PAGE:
Wednesday, January 27, 2016

Up, Periscope!


Bruce Springsteen and Max Weinberg, earlier this evening at Madison Square Garden as seen on periscope.
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It's Wednesday night and I'm sitting at home in Michigan and I'm watching Bruce Springsteen and the E Street Band performing live in Madison Square Garden. Oh, it's not on TV, and it's not "official." The picture is somewhat awful, but the sound is pretty good through my computer speakers. Anyway, what can we expect from a cell phone?

This day has been coming for many years. The day when an event like this would be fearlessly broadcast, live, from inside the event venue to anywhere in the outside world. Periscope, acquired by twitter in 2015 before it was even released to the public, was hardly the first app to enable broadcasts from smartphones, but so far it sure seems to be the best. Their slogan is, "Explore the world through someone else's eyes." A week ago, when Bruce played in Chicago, at any given moment there were, it seemed, between 11 and 20 live periscopes. I'm becoming addicted: I may explore the entire Springsteen tour through many people's eyes.

For the most part, I don't watch. I just listen. As I type, I'm listening to Bruce give a soulful introduction to I Wanna Marry You that was retired for decades before this tour. It's beautiful and special and I'm happy being able to listen to it while I type. In a couple days it'll be for sale at live.brucespringsteen.net. Oops! Bruce just messed it up. "Sometimes even the tightest band in the world fucks it up!" "Ooooohhh!! I fucked it up!" Now I get to see him play maracas.

While I was watching that Chicago show, I texted my son in college. It went like this:

Kids don't impress as easily, I guess. Then he added, about the broadcasters, "really people should just enjoy the concert for what it is; live." He's a music major. He is also very wise. I agree that I don't completely understand the impulse to broadcast large portions of a show to the world at large, nor to hold a cellphone up for an hour or two at a time (hopefully -- but likely not -- doing it without distracting anyone else in the arena), but as someone at home being able to listen while I type, it sure is nice for me.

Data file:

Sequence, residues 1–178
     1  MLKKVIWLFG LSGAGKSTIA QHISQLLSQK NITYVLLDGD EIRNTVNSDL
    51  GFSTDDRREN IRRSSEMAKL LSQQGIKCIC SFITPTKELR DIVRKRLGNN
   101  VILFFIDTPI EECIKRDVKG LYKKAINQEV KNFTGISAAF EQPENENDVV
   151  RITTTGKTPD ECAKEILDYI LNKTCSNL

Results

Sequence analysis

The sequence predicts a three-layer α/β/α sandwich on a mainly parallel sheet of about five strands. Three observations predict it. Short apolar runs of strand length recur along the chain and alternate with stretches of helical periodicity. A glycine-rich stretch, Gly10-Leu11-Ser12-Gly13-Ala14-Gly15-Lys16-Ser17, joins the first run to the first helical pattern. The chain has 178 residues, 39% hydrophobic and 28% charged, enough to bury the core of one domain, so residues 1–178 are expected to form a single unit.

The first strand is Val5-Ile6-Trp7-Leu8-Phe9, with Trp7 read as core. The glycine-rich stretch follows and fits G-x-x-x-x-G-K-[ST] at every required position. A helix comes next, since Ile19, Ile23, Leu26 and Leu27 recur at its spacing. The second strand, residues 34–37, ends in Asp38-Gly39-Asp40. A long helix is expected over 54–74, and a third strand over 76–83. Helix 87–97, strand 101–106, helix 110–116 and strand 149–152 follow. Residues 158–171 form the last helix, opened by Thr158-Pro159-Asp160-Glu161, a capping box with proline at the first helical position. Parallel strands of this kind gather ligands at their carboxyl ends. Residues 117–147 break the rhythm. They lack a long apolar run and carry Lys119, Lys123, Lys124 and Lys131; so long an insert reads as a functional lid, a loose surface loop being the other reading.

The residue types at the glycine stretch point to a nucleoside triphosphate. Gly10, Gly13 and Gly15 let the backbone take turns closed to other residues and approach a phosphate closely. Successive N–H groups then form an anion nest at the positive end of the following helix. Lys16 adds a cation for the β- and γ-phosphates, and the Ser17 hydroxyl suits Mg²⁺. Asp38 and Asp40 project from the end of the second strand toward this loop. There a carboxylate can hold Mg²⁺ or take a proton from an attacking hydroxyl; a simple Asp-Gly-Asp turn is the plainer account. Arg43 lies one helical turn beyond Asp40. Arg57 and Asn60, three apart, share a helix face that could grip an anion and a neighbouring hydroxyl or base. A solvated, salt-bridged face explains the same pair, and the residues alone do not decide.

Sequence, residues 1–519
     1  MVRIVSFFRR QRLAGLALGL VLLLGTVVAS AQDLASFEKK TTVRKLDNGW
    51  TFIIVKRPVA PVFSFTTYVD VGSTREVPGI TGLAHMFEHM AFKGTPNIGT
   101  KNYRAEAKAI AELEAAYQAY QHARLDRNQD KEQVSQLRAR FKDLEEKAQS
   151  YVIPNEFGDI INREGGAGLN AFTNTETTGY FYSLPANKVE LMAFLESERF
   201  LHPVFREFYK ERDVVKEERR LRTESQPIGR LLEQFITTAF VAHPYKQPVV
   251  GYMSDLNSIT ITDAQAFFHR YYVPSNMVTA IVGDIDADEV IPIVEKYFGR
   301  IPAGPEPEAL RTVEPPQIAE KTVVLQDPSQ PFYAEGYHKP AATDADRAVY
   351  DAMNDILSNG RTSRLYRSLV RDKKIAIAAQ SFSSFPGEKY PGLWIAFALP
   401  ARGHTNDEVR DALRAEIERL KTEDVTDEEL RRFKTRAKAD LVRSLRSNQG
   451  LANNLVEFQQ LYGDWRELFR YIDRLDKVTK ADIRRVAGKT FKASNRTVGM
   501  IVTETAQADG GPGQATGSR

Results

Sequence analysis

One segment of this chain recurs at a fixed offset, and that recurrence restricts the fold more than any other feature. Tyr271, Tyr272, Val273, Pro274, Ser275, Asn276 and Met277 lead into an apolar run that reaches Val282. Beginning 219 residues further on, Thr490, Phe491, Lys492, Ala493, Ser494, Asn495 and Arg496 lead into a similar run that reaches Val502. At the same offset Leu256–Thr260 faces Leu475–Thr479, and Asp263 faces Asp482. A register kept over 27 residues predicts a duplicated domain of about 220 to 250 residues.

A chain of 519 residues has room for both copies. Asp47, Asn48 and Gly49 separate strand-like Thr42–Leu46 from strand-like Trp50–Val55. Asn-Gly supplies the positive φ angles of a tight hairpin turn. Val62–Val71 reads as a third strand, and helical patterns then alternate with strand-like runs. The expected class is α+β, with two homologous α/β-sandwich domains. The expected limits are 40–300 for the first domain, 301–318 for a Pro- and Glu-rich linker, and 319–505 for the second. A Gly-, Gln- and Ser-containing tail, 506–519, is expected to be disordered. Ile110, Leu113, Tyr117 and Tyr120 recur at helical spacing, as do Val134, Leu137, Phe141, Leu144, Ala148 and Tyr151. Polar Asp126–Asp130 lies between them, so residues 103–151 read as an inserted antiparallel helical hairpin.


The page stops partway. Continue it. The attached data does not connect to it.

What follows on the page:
From stage left. The picture is nothing special, but the sound is good enough.
The technology, of course, is still wildly imperfect. People lose their internet connections. Or security finds them -- though there are too many of them for security to get them all, or so it seems. Some folks are just a bit dumb, shooting selfies of themselves or singing along a little too loudly with the music... no, make that a lot too loudly with the music. In Chicago one broadcaster, we'll call him Ivan, was plainly trying to impress some girls with his loud knowledge of the words; those of us following on facebook started feeling sorry for the people sitting around Ivan. Then there are those who feel compelled to add their own commentary to what they are allowing us to witness. It's a small percentage markup on the price I'm not paying to watch.

Watching a show on periscope can be a bit like having a personal transporter. With a couple mouse clicks we jump from one vantage point in the arena clear to the other side, or up, or down. One person tonight even advertised that he was broadcasting from section 227; I guess he's not too scared of security. During those moments when I watch, I can get an idea of the staging, to get an idea of what I'll witness when I finally get to a show in a few weeks.

And now, from straight back.
Then... then... then... my computer crashed!!! Here Bruce is, introducing Stolen Car, and... well, I guess that is a propos. It took until The Price You Pay to get it back.
This show includes the entirety of The River album, so for the first 21 songs (the show opens with a River outtake called Meet Me In The City), it's a fixed order. Then there are the additional songs. Last week he worked up a sweet acoustic version of "Take It Easy," in tribute to Glenn Frey. Maybe there will be something special tonight, too. With periscope and the help of someone holding up a cellphone entirely too long, a few thousand of us will be watching, live.